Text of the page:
The last time the Formula 1 paddock was together was on Friday March 13 in Albert Park, Melbourne. It was a couple of days after the worsening COVID-19 coronavirus epidemic had been declared a pandemic and sporting entities across the world were putting the brakes on their respective campaigns. A press conference was held just outside of the paddock and hundreds of people congregated, all close together, as the 2020 season was ripped up before it even started. The press conference concluded just after midday, with paddock access then restricted to team personnel only at 12:30. And the Australian Grand Prix was done and dusted.
When the Formula 1 paddock, hopefully, reconvenes in Austria, in early July, life will be very different. There will be fewer people: reduced headcount for teams, a cut-back FOM TV set-up, and more strikingly no fans: no fan zone, no-one trying to get a glimpse of drivers, no crowding for autographs and selfies.
Sport has been pushed into the virtual world in recent weeks, save for the Belarusian league and a smattering of French horse races (thanks, in part, to its remit under the agricultural industry rather than sporting jurisdiction), but this past weekend the Bundesliga – and 2. Bundesliga – returned, as did NASCAR, at the Darlington Raceway in South Carolina.
It meant that live top-level sport was back on TV screens, but not in the manner to which we have become accustomed, providing a glimpse as to what we can expect as a viewing spectacle when Formula 1 returns.
The most-striking aspect was the lack of atmosphere thanks to the reduced capacity of respective venues and, more pressingly, the absence of spectators.
With the Bundesliga this was far more pronounced than NASCAR – which obviously had the loud roar of the engines as per usual. For Borussia Dortmund vs Schalke’s derby would usually be played out in front of 80,000 frenzied spectators at the Signal Iduna Park but instead there were around 300 people. Players from opposing teams emerged separately, substitutes sat wearing masks, spaced two metres apart, sometimes resorting to sitting on the empty spectator seats in order to enforce the regulation. The intensity and quality was there on the pitch but the sterile atmosphere undoubtedly led to a weird spectacle, with shouts between players audible and the noise of the ball being kicked echoing around the empty arena. It naturally lacked passion, the jubilation or devastation when a goal is scored, and created a bizarre aura as if the encounter lacked importance.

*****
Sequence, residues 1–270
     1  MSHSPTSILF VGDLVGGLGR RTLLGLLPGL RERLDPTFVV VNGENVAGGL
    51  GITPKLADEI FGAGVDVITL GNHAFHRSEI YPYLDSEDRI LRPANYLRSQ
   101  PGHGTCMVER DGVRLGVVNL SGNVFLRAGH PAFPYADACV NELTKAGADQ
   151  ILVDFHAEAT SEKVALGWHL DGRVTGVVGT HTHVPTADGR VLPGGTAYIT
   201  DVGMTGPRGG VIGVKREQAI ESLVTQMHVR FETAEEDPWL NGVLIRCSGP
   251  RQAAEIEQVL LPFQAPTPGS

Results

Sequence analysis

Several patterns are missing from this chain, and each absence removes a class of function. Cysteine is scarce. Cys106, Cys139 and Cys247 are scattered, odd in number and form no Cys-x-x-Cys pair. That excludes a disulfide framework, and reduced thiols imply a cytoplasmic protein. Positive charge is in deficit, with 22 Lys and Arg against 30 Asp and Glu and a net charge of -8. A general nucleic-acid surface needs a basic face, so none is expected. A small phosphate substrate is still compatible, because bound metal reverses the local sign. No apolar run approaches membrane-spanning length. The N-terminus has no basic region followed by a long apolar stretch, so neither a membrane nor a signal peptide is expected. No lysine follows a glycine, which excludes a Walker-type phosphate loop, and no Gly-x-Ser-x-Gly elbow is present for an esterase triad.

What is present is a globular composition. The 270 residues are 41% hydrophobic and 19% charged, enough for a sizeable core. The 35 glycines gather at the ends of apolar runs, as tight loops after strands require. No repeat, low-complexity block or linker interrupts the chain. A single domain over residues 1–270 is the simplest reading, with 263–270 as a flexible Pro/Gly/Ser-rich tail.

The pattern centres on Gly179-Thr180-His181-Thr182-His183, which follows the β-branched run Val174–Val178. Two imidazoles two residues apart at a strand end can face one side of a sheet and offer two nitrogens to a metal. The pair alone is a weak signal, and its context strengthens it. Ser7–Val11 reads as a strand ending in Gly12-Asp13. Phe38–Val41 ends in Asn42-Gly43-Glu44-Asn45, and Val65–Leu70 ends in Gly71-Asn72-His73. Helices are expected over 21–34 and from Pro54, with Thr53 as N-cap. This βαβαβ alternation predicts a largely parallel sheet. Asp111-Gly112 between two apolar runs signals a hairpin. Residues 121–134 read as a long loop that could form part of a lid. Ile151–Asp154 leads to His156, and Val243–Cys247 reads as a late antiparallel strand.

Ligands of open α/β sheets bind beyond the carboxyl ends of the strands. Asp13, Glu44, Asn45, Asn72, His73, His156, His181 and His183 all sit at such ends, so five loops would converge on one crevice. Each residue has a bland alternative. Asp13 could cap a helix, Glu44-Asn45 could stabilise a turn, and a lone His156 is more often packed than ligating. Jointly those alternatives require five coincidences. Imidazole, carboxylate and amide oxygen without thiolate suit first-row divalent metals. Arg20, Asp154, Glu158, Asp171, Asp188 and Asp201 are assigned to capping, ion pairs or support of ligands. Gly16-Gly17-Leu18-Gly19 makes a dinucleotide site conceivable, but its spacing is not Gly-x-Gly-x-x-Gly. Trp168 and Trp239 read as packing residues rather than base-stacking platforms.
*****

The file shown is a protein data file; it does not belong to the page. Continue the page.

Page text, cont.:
In NASCAR, the empty stands created an unwelcoming backdrop, as did the sparse nature of the infield section, while there was no whooping or cheering to and from the fans when the race came to an end. It was job done, win gathered, onto the next one. The lack of practice or qualifying also added to the slightly jarring effect as the field of 40 went straight into racing. At any European grands prix that take place this year there will be no spectators, so forget about the bouncing Orange Army at Spielberg or the 140,000 fans largely getting behind Lewis Hamilton at Silverstone. There will be acres of verdant countryside and vast expanses of nothing at those venues this year. The requirement not to construct some grandstands will mitigate the empty effect, as will clever camera angles and perhaps some CGI usage, but it will create a weird aura, more akin to an FP1 session in Bahrain or an in-season young driver test day in Spain than a World Championship race day. Kevin Harvick, after triumphing at Darlington Raceway, was clearly taken aback as he looked to the empty grandstands and acknowledged the “dead silence”, while the victorious Bundesliga teams didn’t really know where to look or what to do after the final whistles.
The restrictions on media – which will apply for F1 but the exact mechanisms of which are still being discussed – also altered the TV spectacle. For the Bundesliga pundits worked from a studio, or remotely, with the commentary team operating from their respective homes – rather than pitch side – leading to a slight delay and detachment. TV interviews carried out by the few approved outlets were undertaken from a safe distance, leading to a two-metre gap, assisted by an extender placed on a microphone.
In NASCAR it was similar. Fox Sports had a limited crew on-location, with most of their talent taking part in a remote ‘watchalong’ from home, and the sole pit reporter – Regan Smith – covered his nose and mouth at all times while speaking to the camera, as required. Jimmie Johnson, interviewed after crashing out of the lead, wore a mask, keeping two metres from Smith and a four-man camera crew. It will lead to a different interview format and style when Formula 1 returns. Already, on Thursday in Australia, an altered protocol had been enacted, with written media (who are highly unlikely to be present at the opening rounds anyway) kept two metres back from drivers, and all broadcast interviews carried out by Formula 1 itself. The TV package will certainly be different in 2020 to 2019. There will be no frenzied atmosphere. No emotionally-charged podium ceremonies with fans lining the track as far as the eye can see. We’ll have to wait a while for those.
The Bundesliga and NASCAR have paved the way for the rest in providing a glimpse of the immediate future for televised sport: no fans, a weird atmosphere, a different perspective, and social distancing where possible among the cut-back personnel on-location. It is sport, and not as we know it, but it’s better than no sport at all.